equity method investment tax treatment

Limited access to cash flow projections of the investee may also present challenges for impairment testing at the investment level. Use of the equity method should cease from the date that significant influence or joint control ceases: [IAS 28(2011).22] If the investment becomes a subsidiary, the entity accounts for its investment in accordance with IFRS 3 Business Combinations and IFRS 10 The accounting principles related to equity method investments and joint ventures have been in place for many years, but they can be difficult to apply. When a company using IFRS 9 chooses to recognise changes in the value of equity investments in OCI, those amounts are not subsequently recycled to P&L when the equity investment is sold. Under the equity method, the investor adds its proportionate share in income of the investee to the carrying value of its investment and subtracts its proportionate share of dividends. Under the equity method, the initial investment is recorded at cost and this investment is increased or decreased periodically to account for dividends and the earnings or losses of the investee. IAS 28 defines the equity method as a method …

Use of the equity method should cease from the date that significant influence or joint control ceases: [IAS 28(2011).22] If the investment becomes a subsidiary, the entity accounts for its investment in accordance with IFRS 3 Business Combinations and IFRS 10 Save for later This Roadmap provides Deloitte’s insights into and interpretations of the guidance on accounting for equity method investments and joint ventures. Application of the equity method An entity with significant influence over, or joint control of, an investee should account for its investment in an associate or a joint venture using the equity method except when the investment qualifies for exemption. In contrast, the cost method accounts for the initial investment as a debit to an investments account and the dividends as a credit to a revenues account. So lets say that A owns 40% of B and accounts for it using the equity method. IAS 28 outlines the accounting for investments in associates. Paragraph 14.8 of the IFRS for SMEs states the following: “Under the equity method of accounting, an equity investment is initially recognised at the transaction price (including transaction costs) and is subsequently adjusted to reflect the investor’s share of the profit or loss and other comprehensive income of the associate”. Equity Method of Accounting for Investments When a business (investor) invests in the shares of another business (investee) and is in a position to exert significant influence over the investee but does not have a controlling interest, then it uses the equity method to account for the investment.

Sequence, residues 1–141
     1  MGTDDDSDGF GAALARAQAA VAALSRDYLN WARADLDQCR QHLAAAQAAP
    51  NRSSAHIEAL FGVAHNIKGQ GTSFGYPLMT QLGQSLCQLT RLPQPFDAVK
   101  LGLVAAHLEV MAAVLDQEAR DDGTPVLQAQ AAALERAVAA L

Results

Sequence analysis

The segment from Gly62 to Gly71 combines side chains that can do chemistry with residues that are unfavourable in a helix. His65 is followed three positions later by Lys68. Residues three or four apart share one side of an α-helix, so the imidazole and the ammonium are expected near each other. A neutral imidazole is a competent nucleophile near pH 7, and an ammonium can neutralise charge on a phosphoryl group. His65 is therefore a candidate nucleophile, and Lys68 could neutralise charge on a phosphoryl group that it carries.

Testing the net investment in an equity-method investee for impairment in accordance with the requirements of IAS 28, IAS 36 and IFRS 9 requires discipline and judgment. When an investor has significant influence over the investee—but not majority voting power—the investor accounts for its equity investment in the investee using the equity method. During the year B reports net income of $100,000 and declares dividends of $20,000. The paragraph 38 of IAS 12 gives only the statement and reasons when the carrying amount of investment in associates becomes different from the tax base and temporary differences arise. But no specific guidance on the applicable tax rate is provided in relation to the investments in associates that are accounted for using the equity method. Investment in the range of 20%-50% of the outstanding common stock of a company are accounted for using the equity method. Equity Method. An associate is an entity over which an investor has significant influence, being the power to participate in the financial and operating policy decisions of the investee (but not control or joint control), and investments in associates are, with limited exceptions, required to be accounted for using the equity method. Variable interest entities (VIEs) Voting interest entities (VOEs) Equity method investments. So my question is when using the equity method to report on an investment how do we calculate deferred income taxes? The equity method of accounting is sufficiently complex that we have dedicated a whole page to the topic. Sale of Investments using Equity Method. Tax treatment of equity rollovers. Discontinuing the equity method. Discontinuing the equity method. Under the remedial method, the target company's owners could recognize the built-in gain on their rollover equity prior to a … Joint ventures (JVs)